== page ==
From this, it becomes clear that Computer Science is not about trivial skills. People can see from this that Computer Science has the same level of academic rigour of a maths or life science subject. This is in complete contrast to the IT subjects in high school today, whereby downward scaling applied for ATAR Calculation by VCAA is indicative of the academic rigour of VCE IT Applications and Software Development.
In July 2012, a Fairfax article was published on a pilot program being introduced by the University of Melbourne, Monash University and the Victorian Curriculum and Assessment Authority. The intention was to trial a Year 12 Computer Science subject based on the syllabuses of the first year computer science subjects offered at both Universities, in response to the aforementioned shortfall of IT students.
Preceding the announcement from Associate Professor Steven Bird was a Google-sponsored program called CS4HS that funded universities to offer 2-3 day workshops for teachers. The CS4HS Victoria website includes the PowerPoint slides presented to invitees to the three conferences held, and the recommendations from working groups formed among conference attendees.
One of the more telling presentations from the November 2011 CS4HS Victoria workshop was delivered by Dr James Curran, Director of the National Computer Science School. In short, his presentation underpins the notion that computer science is currently not being treated as a distinct entity from basic programming, let alone basic computer literacy. It is worth reading the entire presentation for a good overview of the current situation and the initiatives undertaken by NCSS in Computer Science education for high school students.
Many other presenters also shared similar views at the workshop. Dr Therese Keane of Swinburne University stressed the importance of academic rigour in high school information technology to ensure it reflects the content of Computer Science courses at universities, instead of the ‘life skills’ often emphasised.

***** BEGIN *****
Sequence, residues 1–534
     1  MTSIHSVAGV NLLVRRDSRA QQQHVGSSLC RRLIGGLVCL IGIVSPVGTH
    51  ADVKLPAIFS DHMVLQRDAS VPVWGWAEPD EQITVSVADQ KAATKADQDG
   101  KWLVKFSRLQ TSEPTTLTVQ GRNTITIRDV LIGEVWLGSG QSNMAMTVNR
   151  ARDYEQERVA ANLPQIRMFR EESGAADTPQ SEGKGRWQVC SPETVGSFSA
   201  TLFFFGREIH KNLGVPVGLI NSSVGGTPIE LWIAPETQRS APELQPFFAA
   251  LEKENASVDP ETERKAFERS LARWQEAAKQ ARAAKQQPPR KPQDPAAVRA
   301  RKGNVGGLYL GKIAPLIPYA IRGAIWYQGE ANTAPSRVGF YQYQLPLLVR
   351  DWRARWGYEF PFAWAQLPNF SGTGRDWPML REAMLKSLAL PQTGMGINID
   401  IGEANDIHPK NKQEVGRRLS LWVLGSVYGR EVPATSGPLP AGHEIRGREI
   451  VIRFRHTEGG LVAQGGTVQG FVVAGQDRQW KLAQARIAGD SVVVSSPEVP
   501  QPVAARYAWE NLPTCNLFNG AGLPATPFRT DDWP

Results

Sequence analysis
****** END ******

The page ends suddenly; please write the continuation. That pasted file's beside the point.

Prof Alistair Moffat, the inaugural Foundations of Algorithms lecturer at the University of Melbourne, demonstrated that a programming language is merely a tool for implementing algorithms designed to efficiently and accurately perform a task.
The recommendations made by CS4HS Victoria laid a vision for how Year 12 Computer Science would be differentiated from the current Information Technology curricula. This vision focused on developing a subject focusing on computational thinking, that can be used as a university prerequisite. Collaboration with universities, teachers and other relevant stakeholders to develop relevant course material was also stressed.
It seems that this vision inspired the pilot proposal that Steven Bird was promoting last year, though the progress of that pilot program remains unclear. It can be presumed that, as far as the VCE is concerned, that the Computing void is still mainly being filled by Tertiary Extension programs offered by Monash and RMIT.
As far as the national curriculum is concerned, the F-10 Technologies curriculum is going through a consultation process due to end in May 2013. Based on the information sheet provided, the intention is to manage a Digital Technologies subject alongside a Design and Technologies curriculum for non-technical materials. The focus seems to be on students developing “future-oriented” solutions for a wide range of situations, which I hope does not come at the expense of the computational thinking skills emphasised by CS4HS and the Royal Society report, which the information sheet cites as inspiration for the curriculum. ACARA does not seem to have started work on a Senior Digital Technologies program yet.
I think it is time we looked at devising a curriculum that prioritised development of theoretical and analytical skills alongside technical programming skills, instead of the current practice of trying to find ways to scale down big-picture business scenarios for consumption. A new curriculum has to be designed in consultation with the Universities that have been driving Computer Science education solo for a long time, to determine what sort of a curriculum can be developed to allow students to claim advanced standing within the current framework of university Computer Science degrees.
The notion of a high school Computer Science curriculum now has the support of way too many stakeholders to be ignored. From the early indications provided by ACARA in the F-10 Digital Technologies information sheet, the proposed curriculum has gone some way into implementing the recommendations of reports like that of the Royal Society by promoting computational thinking.
As far as a senior curriculum goes, I hope that the desire of ACARA to have a breadth of problems for students to solve won’t detract from the depth of theory covered. So far the College Board in the US has implemented a Computer Science course, as well as the International Baccalaureate, for senior students. In developing a rigorous senior high school Computer Science curriculum, it is entirely possible to address the shortfall in computer science students we are currently facing.
With the development of the National Curriculum in Australia, now is a better time than ever to start with a clean slate.
EDIT: Updated to include raw enrolment figures.